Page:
Update: I originally implicated the FANGs here but that was unfair. Netflix sponsors pretty cutting edge ML research and Google has Hal Varian running a world class econometrics shop.
I’ve been having a rough time with ‘data science’ lately so I thought I would try to put some of my beef into words. I’ll use an example that I claim is representative of the type of data anthropology that tech shops seem to be passing off to the public as ‘data science’ these days: Do people with blue eyes make more money? First off, the policy-wonk in me doesn’t really like this because there’s no actionable intel associated with it (if I had blue eyes I’d make more money? Yeah, and if your aunt had a dick she’d be your uncle, big deal.). But Ima look past that and proceed.
So many tech shops in the valley have a big web presence which allows them to harvest data on millions of fields, billions of times a day. With all that data and an army of button pushers (or ‘data scientists’ if you prefer) they can dredge through an almost infinite number of interactions looking for patterns…Hell, there’s even a function in R called ‘dredge’ that will run every conceivable combination of variables in a model and tell you which one has the best fit. BTW: Actual scientists tend to think it’s a bad idea to do such things. (Quick digression: yes, this type of thing happens in actual science too. The science community is not immune to data hacking…but from what I’ve seen, “Data Science” is far bigger offender).
Staying with my “do people with blue eyes make more money?” example: since computing power is cheap, with an army of button-pushers and mountains of data at their disposal they could take a giant block of data (say a billion rows and a million columns) and 1 million X 1 million covariance matrix of first order interactions…or maybe they want a correlation coefficient and a p-value, no problem. One could start interacting the variables with one another and testing those correlations. If done long enough, they’ll probably find at least a few relationships that appear significant (broken clock is right twice a day, blind squirrel finds a nut once in a while, etc.). Suppose an analyst calculates a giant mess of correlation coefficients and associated p-values, the code runs for several hours, analyst comes back to check on it and notices there is with p=0.001, a highly significant positive correlation. They could index through the data and find that the column is a binary variable for blue eyes and the column is gross annual salary.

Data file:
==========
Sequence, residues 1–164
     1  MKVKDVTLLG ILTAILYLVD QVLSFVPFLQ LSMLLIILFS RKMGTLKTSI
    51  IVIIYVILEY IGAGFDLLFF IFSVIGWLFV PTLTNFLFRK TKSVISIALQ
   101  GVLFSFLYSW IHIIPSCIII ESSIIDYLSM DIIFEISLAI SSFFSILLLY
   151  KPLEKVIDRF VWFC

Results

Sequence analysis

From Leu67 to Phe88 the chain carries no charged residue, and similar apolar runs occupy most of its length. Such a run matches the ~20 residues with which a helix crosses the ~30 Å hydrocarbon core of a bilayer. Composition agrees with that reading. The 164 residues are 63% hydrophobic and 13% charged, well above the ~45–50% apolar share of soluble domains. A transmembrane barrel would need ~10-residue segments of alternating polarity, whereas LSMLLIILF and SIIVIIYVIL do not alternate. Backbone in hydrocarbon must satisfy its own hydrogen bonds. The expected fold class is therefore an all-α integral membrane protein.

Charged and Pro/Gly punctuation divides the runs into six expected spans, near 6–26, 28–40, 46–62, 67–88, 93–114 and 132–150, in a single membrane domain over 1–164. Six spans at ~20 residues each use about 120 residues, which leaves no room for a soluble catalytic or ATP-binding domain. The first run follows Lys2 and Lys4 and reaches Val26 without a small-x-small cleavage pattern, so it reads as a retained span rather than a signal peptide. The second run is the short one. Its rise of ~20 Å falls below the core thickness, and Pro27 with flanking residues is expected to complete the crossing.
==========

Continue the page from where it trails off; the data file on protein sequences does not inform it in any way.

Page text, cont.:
Now that they found an interesting statistical relationship, they need to come up with a story so it doesn’t sound spurious. That’s not too hard: blue eyes are genetically rare, in an Anglo-European sort of way they may tend to be associated with conventional attractiveness (think of the cliché blonde hair -blue eyed Swedish Airline Hostess) which probably tends to favor one in the job market. There you go! It makes perfect sense, blue eyed people make more money.
Ok, even a button pusher probably knows enough to poke at the first run results a bit. Suppose we’re dealing with a highly evolved button pusher who says, “well this unconditional relationship is cool, but it would be a lot cooler if I conditioned the relationship on some other stuff just to make sure it stands up.” Maybe the data are primarily social or primarily life-style oriented so they can’t include a bunch of stuff that might actually impact someone’s earning but, hey, you play the hand your delt, Amirite? Well, they can condition on other stuff in any number of ways… thinking back to that data mining class they might remember the awesome visual power of the prediction tree (classification tree, decision tree, whatevs). Let’s make one of those! This would sort of control for confounding relationships in the sense that if blue-eyed people all have relatively big feet and it’s really big feet that are driving the earnings power then the variance decomposition algorithm embedded in the decision tree should catch the blue-eye-big-feet interaction.